Nancy Preis says she's still a little overwhelmed when she realizes Opera in the Ozarks is getting its biggest wish granted. Thanks to the Walton Family Foundation, the Eureka Springs opera company will get $34 million to design and construct a new theater.
"Jim and Lynne Walton have been attending the operas and remember Helen Walton's enthusiasm for the opera," says Preis, who is general director for OIO. "We've been working with the Foundation for five or six years to get this project off the ground.
"It originally was considerably less grand," she adds, "but as our need grew for a more comfortable theater for both our patrons and our artists, the Foundation stepped up with significantly more support."
Preis promises that the new theater, which will seat 300, will retain the intimacy and connection with nature that has always been part of the OIO experience. But it will also be usable year-round, "offer artists a stage worthy of their talents" and "be a welcoming space for audiences to enjoy an intimate and high-quality performance." She promises the changes will be "transformational."
Opera in the Ozarks started as a summer camp in 1950 and has evolved into a music mecca that attracts student singers and musicians from across the globe, many of whom go on to significant international careers. Alumni include Latonia Moore, Leona Mitchell and Mark Delavan, all of whom have performed at the prestigious Metropolitan Opera House. Alumni have also performed on international stages in Vienna, Paris and Rio de Janeiro.
Singers have been coming to Opera in the Ozarks for seven decades "because of the quality of our program," Preis said in a story marking the company's 71st anniversary. "Singers get to perform major roles, have the chance to sing with an orchestra, and get multiple performances to grow into their roles. Audience patrons come because of the quality of our music making and the intimacy of our performances."
"Opera in the Ozarks was the first place where I was able to sing leading roles. I learned what was needed as an opera singer in preparation, rehearsal and on stage," Justin Burgess, 2017-2018 Opera in the Ozarks alumnus and current student at Cafritz Young Artists at Washington National Opera, said in the news release. "A new theater will give students the opportunity to build roles and perform on a stage comparable to what the future holds for them."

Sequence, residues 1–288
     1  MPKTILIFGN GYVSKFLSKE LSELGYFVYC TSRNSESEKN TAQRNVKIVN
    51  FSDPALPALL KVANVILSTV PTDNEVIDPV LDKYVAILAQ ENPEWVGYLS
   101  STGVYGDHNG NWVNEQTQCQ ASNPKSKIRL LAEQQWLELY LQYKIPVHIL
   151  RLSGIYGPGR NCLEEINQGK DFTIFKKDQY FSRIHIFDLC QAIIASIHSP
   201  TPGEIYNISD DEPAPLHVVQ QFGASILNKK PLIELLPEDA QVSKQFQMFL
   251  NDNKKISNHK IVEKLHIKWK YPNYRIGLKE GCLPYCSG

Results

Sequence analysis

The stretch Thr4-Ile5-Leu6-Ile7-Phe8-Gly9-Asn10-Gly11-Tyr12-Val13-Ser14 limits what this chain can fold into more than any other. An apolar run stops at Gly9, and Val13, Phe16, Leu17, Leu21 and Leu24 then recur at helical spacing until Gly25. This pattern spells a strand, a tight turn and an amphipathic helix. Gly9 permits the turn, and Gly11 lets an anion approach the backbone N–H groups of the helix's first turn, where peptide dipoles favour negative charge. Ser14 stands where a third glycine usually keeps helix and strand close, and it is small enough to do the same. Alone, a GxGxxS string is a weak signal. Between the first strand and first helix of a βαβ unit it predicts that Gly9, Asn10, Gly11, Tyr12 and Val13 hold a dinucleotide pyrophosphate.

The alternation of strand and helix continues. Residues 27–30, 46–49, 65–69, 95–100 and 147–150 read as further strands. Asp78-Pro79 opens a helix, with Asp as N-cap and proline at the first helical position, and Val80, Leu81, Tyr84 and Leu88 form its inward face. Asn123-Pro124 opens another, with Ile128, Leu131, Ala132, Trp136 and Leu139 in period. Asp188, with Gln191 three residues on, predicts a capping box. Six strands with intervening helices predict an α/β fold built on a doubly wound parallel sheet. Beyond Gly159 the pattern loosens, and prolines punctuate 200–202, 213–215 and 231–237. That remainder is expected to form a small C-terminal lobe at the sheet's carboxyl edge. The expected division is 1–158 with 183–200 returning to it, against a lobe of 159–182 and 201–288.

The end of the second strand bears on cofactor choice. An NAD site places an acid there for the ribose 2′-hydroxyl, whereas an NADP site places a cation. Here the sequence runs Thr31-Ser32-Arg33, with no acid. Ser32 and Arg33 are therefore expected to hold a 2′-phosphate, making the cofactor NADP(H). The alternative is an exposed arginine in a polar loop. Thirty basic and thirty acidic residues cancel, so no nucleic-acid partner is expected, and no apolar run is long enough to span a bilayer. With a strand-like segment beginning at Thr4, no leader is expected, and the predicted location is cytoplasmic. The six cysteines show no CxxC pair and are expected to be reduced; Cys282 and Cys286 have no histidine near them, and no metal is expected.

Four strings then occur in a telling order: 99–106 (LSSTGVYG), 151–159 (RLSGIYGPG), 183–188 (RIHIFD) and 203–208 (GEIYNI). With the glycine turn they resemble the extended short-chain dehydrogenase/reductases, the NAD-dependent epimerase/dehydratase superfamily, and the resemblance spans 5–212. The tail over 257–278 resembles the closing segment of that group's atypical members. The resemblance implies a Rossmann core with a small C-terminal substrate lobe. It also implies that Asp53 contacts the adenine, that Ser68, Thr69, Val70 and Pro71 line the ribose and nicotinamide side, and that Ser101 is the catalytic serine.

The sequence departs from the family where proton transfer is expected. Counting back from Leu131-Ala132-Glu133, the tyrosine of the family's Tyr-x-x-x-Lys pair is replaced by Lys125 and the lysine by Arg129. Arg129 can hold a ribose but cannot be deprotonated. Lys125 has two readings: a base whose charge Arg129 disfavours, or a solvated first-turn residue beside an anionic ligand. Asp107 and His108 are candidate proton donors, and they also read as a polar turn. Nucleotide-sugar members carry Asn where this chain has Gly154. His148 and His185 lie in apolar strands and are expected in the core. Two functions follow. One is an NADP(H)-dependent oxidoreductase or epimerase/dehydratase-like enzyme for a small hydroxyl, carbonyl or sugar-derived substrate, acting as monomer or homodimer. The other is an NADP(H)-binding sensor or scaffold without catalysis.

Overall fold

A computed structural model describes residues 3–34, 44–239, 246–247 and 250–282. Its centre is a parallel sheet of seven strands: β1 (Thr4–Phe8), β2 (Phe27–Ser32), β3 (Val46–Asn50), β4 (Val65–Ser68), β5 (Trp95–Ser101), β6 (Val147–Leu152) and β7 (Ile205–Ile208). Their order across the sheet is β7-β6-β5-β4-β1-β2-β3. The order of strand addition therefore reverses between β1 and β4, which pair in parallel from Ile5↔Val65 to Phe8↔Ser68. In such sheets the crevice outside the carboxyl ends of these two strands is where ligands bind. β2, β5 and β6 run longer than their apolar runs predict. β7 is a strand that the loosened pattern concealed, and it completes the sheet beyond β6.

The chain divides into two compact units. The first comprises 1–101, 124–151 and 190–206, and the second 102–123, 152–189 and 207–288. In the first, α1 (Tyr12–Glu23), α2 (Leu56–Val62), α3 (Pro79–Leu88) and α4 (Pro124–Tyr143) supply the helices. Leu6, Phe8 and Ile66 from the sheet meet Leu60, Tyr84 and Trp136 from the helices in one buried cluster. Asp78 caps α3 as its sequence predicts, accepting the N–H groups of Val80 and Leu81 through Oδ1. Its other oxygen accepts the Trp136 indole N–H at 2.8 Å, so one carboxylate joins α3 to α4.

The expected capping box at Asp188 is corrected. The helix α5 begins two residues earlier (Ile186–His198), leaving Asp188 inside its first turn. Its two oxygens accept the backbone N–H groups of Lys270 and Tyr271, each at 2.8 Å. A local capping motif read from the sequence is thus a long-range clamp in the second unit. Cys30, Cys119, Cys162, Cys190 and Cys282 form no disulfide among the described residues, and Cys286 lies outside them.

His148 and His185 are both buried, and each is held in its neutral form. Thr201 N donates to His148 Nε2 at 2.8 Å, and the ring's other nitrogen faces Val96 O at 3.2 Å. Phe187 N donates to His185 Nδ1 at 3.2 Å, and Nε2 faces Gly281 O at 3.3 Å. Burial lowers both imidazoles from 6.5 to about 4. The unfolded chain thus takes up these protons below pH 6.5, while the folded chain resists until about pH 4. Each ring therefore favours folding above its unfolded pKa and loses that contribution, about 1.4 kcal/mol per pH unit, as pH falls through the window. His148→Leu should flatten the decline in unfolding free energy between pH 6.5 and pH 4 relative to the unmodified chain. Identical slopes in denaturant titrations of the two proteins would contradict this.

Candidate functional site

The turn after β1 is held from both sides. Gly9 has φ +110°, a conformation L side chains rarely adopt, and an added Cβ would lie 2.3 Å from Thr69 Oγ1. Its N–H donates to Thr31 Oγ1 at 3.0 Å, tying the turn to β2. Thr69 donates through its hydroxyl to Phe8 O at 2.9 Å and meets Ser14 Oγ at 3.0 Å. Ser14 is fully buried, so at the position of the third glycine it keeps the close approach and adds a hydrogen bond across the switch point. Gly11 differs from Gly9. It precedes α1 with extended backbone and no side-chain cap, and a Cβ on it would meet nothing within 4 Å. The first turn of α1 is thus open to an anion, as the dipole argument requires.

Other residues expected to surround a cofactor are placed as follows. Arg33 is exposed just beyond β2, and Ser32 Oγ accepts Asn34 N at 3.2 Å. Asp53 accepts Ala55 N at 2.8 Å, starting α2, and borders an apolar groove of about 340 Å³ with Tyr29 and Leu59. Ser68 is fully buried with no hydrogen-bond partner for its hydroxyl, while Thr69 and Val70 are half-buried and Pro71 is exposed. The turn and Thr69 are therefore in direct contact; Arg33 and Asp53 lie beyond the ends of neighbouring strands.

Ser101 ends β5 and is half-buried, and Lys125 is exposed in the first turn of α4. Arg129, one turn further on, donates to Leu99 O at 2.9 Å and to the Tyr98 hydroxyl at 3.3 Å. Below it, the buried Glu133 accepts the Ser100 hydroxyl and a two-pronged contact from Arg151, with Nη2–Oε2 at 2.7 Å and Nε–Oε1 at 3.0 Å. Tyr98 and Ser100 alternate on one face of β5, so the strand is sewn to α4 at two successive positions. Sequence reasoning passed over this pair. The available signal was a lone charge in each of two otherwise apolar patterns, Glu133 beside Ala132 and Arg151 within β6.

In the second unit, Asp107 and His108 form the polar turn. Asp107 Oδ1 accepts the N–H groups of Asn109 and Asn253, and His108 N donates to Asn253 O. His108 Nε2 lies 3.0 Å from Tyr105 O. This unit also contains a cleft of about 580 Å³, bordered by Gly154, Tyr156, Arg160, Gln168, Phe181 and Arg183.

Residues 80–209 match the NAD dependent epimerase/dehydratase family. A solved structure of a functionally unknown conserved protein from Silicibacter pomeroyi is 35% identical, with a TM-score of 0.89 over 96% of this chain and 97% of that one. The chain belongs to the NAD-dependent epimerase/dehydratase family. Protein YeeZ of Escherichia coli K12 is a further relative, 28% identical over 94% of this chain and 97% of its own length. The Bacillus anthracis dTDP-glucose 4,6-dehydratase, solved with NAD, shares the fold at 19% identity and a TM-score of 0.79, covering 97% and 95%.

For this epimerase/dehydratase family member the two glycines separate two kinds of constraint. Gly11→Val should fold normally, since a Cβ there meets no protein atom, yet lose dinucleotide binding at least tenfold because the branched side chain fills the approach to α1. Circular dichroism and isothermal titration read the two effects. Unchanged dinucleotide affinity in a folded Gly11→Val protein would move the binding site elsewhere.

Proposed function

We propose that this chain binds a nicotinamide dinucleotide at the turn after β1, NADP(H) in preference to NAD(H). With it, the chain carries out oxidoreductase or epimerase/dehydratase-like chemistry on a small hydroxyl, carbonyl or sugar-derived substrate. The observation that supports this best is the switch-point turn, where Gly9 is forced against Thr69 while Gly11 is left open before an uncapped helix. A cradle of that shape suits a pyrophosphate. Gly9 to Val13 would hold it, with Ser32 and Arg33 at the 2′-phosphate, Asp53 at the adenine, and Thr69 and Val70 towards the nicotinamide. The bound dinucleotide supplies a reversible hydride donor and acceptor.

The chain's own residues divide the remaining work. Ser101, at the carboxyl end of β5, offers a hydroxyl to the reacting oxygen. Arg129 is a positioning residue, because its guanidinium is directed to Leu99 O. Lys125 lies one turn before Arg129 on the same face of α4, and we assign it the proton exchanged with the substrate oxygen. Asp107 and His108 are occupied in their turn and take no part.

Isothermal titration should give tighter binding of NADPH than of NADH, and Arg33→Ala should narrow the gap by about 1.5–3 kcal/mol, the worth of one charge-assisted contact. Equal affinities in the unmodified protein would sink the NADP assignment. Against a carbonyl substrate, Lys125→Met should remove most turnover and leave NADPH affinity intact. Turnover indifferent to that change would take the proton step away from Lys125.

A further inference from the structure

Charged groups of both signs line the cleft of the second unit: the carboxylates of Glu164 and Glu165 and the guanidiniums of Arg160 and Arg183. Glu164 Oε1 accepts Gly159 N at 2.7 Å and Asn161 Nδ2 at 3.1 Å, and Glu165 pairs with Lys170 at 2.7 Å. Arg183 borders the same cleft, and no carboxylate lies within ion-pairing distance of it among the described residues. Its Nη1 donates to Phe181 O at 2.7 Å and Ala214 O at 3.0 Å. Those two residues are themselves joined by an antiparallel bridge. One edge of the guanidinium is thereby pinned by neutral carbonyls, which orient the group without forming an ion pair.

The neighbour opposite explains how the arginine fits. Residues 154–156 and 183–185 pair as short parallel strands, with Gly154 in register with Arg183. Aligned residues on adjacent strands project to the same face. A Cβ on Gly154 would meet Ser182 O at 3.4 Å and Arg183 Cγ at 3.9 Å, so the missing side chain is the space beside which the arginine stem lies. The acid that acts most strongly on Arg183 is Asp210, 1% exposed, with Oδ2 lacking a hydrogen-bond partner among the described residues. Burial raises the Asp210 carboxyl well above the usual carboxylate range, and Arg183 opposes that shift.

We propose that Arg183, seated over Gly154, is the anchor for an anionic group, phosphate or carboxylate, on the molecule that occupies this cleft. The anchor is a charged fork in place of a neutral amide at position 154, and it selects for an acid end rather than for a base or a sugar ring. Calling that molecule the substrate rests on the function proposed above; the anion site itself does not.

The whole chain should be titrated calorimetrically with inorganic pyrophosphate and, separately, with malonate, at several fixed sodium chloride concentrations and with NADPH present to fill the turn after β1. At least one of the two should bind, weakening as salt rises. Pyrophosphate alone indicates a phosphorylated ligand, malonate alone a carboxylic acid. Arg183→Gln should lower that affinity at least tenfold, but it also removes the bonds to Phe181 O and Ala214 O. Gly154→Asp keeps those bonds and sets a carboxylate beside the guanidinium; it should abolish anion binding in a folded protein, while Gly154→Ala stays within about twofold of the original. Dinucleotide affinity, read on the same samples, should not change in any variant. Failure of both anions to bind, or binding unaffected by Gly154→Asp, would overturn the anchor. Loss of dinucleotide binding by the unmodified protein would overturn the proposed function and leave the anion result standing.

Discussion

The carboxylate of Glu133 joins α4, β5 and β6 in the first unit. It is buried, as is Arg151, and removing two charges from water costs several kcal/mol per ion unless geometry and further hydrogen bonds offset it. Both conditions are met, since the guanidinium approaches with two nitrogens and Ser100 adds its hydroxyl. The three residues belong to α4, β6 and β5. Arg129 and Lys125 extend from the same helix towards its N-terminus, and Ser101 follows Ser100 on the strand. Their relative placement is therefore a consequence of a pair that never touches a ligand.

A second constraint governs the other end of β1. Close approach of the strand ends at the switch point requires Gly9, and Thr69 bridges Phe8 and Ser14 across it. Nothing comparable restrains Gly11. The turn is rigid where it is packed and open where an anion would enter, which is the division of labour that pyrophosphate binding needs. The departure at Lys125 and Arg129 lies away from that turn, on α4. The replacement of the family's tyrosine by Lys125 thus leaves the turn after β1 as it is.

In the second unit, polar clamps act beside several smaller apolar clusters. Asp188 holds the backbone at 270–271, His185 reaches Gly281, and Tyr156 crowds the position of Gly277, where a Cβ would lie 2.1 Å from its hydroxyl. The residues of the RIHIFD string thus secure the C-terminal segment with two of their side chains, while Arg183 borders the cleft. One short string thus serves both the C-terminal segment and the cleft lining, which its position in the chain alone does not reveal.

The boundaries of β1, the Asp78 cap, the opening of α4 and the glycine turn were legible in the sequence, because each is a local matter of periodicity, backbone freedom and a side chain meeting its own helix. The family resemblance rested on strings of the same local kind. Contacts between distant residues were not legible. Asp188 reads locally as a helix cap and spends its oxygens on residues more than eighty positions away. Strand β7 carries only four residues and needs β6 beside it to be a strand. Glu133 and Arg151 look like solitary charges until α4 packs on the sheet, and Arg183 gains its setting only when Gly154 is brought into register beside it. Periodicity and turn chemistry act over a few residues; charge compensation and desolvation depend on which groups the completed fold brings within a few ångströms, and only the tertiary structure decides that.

"For seven decades, artists have traveled to Opera in the Ozarks on their music education journey," Jim and Lynne Walton said in the news release May 4. "A new theater continues this legacy by offering generations of future musicians and singers a new stage to showcase their talents."
"Opera in the Ozarks has trained singers in its current facility for decades with determination and great success," adds Joe Randel, senior program officer for the Walton Family Foundation. "The students who participate in the program deserve a stage on par with their talent."
According to the news release, the facility will also include a lobby for guests, an expanded costume shop and new faculty housing with multi-unit cabins. Construction begins this month. It is scheduled to be completed in mid-2025.
"People are surprised by what we put on the stage -- the level of singing is often extraordinary and the sets and costumes, while not lavish, are evocative of the time period and allow the audience to use their imaginations to fill in the details," Preis said previously. "One of the most fun aspects is the ability to meet and get to know some of the singers and to follow their careers as they move on. We have lots of audience members who have become opera travelers. They follow young singers they got to know at OIO and go hear them as they perform at widespread venues all over the country.
"It's important to note that not all our singers will become stars at the Metropolitan Opera," Preis cautions, "but all of them will continue to have music in their lives and will have learned valuable life lessons about collaboration and teamwork."
Opera in the Ozarks
OIO starts its 2023 season, featuring Offenbach's "Orpheus in the Underworld," Donizetti's "L'Elisir D'Amore" and Copland's "The Tender Land," June 23.